http://www.greencarreports.com/news/111 ... ating-role
VW engineer gets 40 months in jail, $200K fine, for diesel cheating role
Former Volkswagen employee James Liang was sentenced in Detroit on Friday to serve 40 months in prison and pay a $200,000 fine for his role in the global Volkswagen diesel-emission cheating scandal. It was a stiffer sentence than expected for an engineer who helped to create software that controlled exhaust emissions only when Volkswagen and Audi's TDI diesel cars detected they were being tested on rolling roads.
Prosecutors had recommended, according to The Detroit News, a sentence of three years in federal prison and a fine of $20,000. Defense attorneys had suggested the 63-year-old engineer should receive home confinement and a nominal fee instead.
The tough sentence appears to send a message from U.S. District Judge Sean Cox that employees can and should be held accountable for misdeeds they commit for their corporate employers.
“We haven’t seen many individuals being held responsible for corporate misconduct," Wayne State University law professor and former federal prosecutor Peter Henning told the News, "so this is one of those rare cases.”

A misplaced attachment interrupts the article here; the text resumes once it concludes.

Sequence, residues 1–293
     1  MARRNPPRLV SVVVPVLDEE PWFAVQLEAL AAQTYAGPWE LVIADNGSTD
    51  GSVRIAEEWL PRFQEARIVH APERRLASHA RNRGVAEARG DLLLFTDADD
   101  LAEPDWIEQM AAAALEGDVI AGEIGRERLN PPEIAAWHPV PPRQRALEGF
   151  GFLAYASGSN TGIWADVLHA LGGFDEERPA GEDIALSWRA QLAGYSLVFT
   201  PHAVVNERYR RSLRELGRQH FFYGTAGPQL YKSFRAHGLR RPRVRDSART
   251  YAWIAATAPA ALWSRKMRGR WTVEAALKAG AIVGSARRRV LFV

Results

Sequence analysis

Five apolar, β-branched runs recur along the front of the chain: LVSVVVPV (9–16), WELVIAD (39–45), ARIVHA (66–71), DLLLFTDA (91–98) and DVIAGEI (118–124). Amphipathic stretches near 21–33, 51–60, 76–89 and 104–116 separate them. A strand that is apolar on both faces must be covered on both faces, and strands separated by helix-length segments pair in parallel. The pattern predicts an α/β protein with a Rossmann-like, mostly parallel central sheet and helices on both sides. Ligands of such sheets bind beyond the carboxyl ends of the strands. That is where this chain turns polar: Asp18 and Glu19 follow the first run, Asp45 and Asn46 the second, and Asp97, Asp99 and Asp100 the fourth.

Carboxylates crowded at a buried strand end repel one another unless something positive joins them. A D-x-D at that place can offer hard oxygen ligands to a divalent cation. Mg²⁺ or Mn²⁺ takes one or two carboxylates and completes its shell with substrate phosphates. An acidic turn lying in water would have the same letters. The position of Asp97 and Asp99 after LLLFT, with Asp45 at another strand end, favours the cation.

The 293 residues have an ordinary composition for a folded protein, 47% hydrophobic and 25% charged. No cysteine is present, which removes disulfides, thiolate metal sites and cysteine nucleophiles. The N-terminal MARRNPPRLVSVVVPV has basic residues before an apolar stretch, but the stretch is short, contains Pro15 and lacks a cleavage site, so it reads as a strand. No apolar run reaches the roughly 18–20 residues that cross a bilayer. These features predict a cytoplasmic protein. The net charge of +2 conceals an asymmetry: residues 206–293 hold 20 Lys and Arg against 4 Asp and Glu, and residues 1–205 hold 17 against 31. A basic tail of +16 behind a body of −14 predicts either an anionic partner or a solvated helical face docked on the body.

The sentence makes it even less likely that six VW Group executives also indicted for their roles in the diesel scandal will ever return to the U.S. Germany does not normally extradite its citizens to other countries, so they were not expected to face trial; Liang's sentence makes that possibility even more remote. . . .
https://www.autoblog.com/2017/08/25/vw- ... ng-report/
VW CEO reportedly learned of diesel cheating a month before board knew
And this was two months before it became public.
A former senior quality manager at Volkswagen has told investigators he informed then-CEO Martin Winterkorn on July 27, 2015, that the carmaker had "cheated" during emissions tests in the United States, German media reported on Friday.
VW has said its executive board did not learn about the severity of emissions test cheating using illegal software until late August 2015. . . .
According to a report by German daily Sueddeutsche Zeitung and broadcasters NDR and WDR published on Friday, the unidentified quality manager told German and U.S. investigators that Winterkorn phoned him on July 27 to enquire about problems with the certification of new models in the United States. He says he then told the CEO that VW had "cheated" in the United States, the report said.
VW declined to comment on the report. Winterkorn's lawyer was not immediately available for comment.
Winterkorn in January declined to tell German lawmakers when he first learned about systematic exhaust emissions cheating but said it was no earlier than VW had officially disclosed. . . .